Fifth District Judge John Walton accepted the plea agreement after Stucki pleaded guilty to the amended charges.

Though not yet officially sentenced, it is anticipated that Stucki will serve two years in Washington County’s Purgatory Correctional Facility followed by the specified probationary period. He will also be credited for time already served since his arrest in Ocotber 2013.

Elements outlining probationary requirements will be explored during a pre-sentencing investigation and presented to the court at Stucki’s sentencing hearing set for March 5, 2015.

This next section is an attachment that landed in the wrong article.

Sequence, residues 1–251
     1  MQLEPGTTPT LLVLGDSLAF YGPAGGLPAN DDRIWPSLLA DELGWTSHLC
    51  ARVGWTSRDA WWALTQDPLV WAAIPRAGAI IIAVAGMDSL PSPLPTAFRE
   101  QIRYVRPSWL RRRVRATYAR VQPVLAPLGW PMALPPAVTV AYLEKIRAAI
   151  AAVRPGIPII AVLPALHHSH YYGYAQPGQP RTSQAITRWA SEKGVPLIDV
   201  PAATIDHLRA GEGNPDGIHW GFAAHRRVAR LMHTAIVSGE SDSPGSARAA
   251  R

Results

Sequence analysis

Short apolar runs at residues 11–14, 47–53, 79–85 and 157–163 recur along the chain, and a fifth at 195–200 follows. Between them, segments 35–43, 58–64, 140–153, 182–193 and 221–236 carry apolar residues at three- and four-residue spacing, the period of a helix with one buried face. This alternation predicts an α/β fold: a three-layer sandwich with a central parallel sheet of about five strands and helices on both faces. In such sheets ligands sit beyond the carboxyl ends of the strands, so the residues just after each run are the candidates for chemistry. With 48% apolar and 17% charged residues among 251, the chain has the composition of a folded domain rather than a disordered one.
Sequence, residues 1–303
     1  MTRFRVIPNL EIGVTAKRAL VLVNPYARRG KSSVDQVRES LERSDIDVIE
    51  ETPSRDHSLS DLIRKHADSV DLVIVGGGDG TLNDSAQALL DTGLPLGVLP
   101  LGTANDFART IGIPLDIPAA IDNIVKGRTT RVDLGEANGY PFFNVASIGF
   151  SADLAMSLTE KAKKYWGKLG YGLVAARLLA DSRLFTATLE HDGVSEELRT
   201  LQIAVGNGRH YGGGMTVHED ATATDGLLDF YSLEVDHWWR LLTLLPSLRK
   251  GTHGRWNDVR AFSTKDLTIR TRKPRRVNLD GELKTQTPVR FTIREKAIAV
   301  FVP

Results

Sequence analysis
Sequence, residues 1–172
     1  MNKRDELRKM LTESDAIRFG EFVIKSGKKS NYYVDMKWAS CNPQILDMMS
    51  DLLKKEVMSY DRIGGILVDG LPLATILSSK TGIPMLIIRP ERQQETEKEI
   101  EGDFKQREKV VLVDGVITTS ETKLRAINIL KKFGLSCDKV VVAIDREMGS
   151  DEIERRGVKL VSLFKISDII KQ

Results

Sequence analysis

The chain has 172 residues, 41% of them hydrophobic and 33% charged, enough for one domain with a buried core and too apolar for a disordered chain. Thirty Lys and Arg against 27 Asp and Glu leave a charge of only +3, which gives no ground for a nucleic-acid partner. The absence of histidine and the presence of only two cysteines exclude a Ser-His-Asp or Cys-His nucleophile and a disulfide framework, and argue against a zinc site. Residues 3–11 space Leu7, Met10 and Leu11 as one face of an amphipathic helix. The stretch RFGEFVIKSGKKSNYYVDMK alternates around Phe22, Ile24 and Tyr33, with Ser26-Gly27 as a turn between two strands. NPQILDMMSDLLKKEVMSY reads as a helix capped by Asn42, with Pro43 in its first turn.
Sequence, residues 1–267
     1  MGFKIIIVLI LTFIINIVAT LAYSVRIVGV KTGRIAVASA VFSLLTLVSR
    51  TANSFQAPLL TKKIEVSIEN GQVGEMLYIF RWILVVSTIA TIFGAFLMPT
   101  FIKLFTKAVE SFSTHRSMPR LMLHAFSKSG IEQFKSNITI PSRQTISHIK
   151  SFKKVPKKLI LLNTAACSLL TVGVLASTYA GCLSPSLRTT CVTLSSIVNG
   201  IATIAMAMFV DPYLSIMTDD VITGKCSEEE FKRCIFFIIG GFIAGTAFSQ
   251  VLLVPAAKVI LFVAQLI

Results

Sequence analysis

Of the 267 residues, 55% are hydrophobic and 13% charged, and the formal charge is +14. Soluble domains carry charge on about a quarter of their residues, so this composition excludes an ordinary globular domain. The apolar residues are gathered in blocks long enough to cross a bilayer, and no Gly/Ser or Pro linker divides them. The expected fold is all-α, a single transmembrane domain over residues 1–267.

“He’s very happy with the resolution,” Flint said of his client following the hearing, adding that Stucki felt remorse for what had happened and has taken responsibility for Loomer’s death. “He had great remorse and regret,” he said.

Personally, I saw a self-defense case for a jury,” Flint said. Still, since jury trials can have unpredictable outcomes, the plea deal was a good alternative considering Stucki could have otherwise been sentenced to life in prison, he said.

According to court records, on Oct. 9, 2013, Stucki and Loomer got into a drunken brawl following an argument about rules on the property for which Stucki was currently acting as the caretaker. Loomer, who was homeless at the time, was being allowed to stay on the property in a tent and was evidently not following certain rules Stucki had asked him to observe while staying there.